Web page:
mercoledì 9 novembre 2011

Moving from Accounting to ERP


There are literally millions of small business firms. Many remain small in terms of revenue and complexity. Some grow over time and a very few become large firms with many employees in many locations. While the vast majority of these firms use what I would call an accounting system, the firms that grow significantly might need more functionality than that offered by any small to mid-sized business accounting system. The question these firms need to answer is when should they invest in an ERP business management system?

Accounting vs. ERP

Let’s start by defining what we might consider to be a small to mid-sized accounting system. In general accounting systems process and record business transactions such as paying bills, paying employees, generating and recording sales invoices and recording customer payments. All of these records get posted to General Ledger where income statements and balance sheets can be generated. All of these transactions are relatively simple. Actually all of these transactions can be found in an ERP system.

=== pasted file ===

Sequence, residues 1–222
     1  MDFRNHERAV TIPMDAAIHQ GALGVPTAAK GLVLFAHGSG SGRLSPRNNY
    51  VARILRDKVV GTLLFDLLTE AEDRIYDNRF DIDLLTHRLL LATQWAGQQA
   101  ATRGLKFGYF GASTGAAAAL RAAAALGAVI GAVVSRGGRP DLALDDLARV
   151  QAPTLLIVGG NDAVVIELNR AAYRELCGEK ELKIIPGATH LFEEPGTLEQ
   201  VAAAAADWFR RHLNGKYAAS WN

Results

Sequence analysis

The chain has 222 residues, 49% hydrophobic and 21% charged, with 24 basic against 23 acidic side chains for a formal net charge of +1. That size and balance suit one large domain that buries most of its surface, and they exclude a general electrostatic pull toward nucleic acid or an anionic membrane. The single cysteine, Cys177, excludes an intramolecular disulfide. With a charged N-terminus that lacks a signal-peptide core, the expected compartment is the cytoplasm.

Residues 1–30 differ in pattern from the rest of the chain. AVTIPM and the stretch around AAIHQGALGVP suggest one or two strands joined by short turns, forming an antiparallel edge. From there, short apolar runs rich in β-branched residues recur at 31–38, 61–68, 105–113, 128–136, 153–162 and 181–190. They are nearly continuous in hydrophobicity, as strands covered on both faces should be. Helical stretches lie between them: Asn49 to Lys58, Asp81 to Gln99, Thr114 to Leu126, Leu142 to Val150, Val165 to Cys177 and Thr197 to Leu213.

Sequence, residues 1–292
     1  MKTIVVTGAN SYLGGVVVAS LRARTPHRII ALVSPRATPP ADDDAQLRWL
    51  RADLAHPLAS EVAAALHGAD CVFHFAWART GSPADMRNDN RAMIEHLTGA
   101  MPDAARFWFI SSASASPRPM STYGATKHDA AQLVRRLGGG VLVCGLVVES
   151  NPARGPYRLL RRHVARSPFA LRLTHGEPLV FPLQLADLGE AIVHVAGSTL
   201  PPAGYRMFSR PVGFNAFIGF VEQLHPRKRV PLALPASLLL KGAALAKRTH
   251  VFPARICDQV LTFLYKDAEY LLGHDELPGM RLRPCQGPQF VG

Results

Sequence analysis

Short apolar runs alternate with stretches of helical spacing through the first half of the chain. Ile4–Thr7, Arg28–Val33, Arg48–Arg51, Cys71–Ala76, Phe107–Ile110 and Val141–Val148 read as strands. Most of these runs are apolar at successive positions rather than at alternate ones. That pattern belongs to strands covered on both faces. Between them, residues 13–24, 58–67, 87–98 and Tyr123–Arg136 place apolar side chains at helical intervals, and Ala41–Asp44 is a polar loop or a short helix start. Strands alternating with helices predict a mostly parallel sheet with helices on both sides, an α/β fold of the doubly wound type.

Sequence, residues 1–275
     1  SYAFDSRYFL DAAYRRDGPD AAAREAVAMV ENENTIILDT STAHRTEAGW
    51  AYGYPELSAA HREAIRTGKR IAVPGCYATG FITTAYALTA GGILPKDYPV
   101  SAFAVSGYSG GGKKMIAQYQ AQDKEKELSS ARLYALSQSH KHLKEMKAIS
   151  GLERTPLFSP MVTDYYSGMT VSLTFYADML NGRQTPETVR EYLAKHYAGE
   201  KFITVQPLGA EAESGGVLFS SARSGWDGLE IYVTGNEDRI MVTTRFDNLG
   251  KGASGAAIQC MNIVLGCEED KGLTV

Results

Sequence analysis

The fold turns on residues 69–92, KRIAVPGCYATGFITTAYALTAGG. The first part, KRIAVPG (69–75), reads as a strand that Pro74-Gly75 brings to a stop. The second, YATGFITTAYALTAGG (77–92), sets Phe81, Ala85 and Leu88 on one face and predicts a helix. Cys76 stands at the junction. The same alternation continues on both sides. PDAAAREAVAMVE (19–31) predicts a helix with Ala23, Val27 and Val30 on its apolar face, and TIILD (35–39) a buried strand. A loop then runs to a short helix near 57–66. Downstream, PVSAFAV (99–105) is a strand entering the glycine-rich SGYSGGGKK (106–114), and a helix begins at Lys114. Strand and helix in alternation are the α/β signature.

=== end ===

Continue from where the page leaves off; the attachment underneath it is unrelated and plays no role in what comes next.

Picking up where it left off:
If that’s the case, what separates accounting from ERP? The difference can be found in the term ERP (Enterprise Resource Planning). “Enterprise” implies that there is more than a single location. While the underlying objective is still the generation of Income Statements and Balance Sheets, the information generated needs to be associated with various physical locations and lines of business. Small business accounting systems can segregate information into categories, but not necessarily with the depth that larger firms require.